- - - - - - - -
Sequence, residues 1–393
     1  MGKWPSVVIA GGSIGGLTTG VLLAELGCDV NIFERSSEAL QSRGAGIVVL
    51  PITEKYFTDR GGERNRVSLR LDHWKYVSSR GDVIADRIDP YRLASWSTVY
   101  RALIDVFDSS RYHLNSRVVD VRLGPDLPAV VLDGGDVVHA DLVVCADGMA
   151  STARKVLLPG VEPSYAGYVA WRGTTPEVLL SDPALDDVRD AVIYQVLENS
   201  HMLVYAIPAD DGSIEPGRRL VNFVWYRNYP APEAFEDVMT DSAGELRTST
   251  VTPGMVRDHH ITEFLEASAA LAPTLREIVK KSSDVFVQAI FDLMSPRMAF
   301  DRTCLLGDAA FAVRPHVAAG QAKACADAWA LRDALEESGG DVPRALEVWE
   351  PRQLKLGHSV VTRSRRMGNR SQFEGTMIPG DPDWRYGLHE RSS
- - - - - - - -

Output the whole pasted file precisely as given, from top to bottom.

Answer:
Sequence, residues 1–393
     1  MGKWPSVVIA GGSIGGLTTG VLLAELGCDV NIFERSSEAL QSRGAGIVVL
    51  PITEKYFTDR GGERNRVSLR LDHWKYVSSR GDVIADRIDP YRLASWSTVY
   101  RALIDVFDSS RYHLNSRVVD VRLGPDLPAV VLDGGDVVHA DLVVCADGMA
   151  STARKVLLPG VEPSYAGYVA WRGTTPEVLL SDPALDDVRD AVIYQVLENS
   201  HMLVYAIPAD DGSIEPGRRL VNFVWYRNYP APEAFEDVMT DSAGELRTST
   251  VTPGMVRDHH ITEFLEASAA LAPTLREIVK KSSDVFVQAI FDLMSPRMAF
   301  DRTCLLGDAA FAVRPHVAAG QAKACADAWA LRDALEESGG DVPRALEVWE
   351  PRQLKLGHSV VTRSRRMGNR SQFEGTMIPG DPDWRYGLHE RSS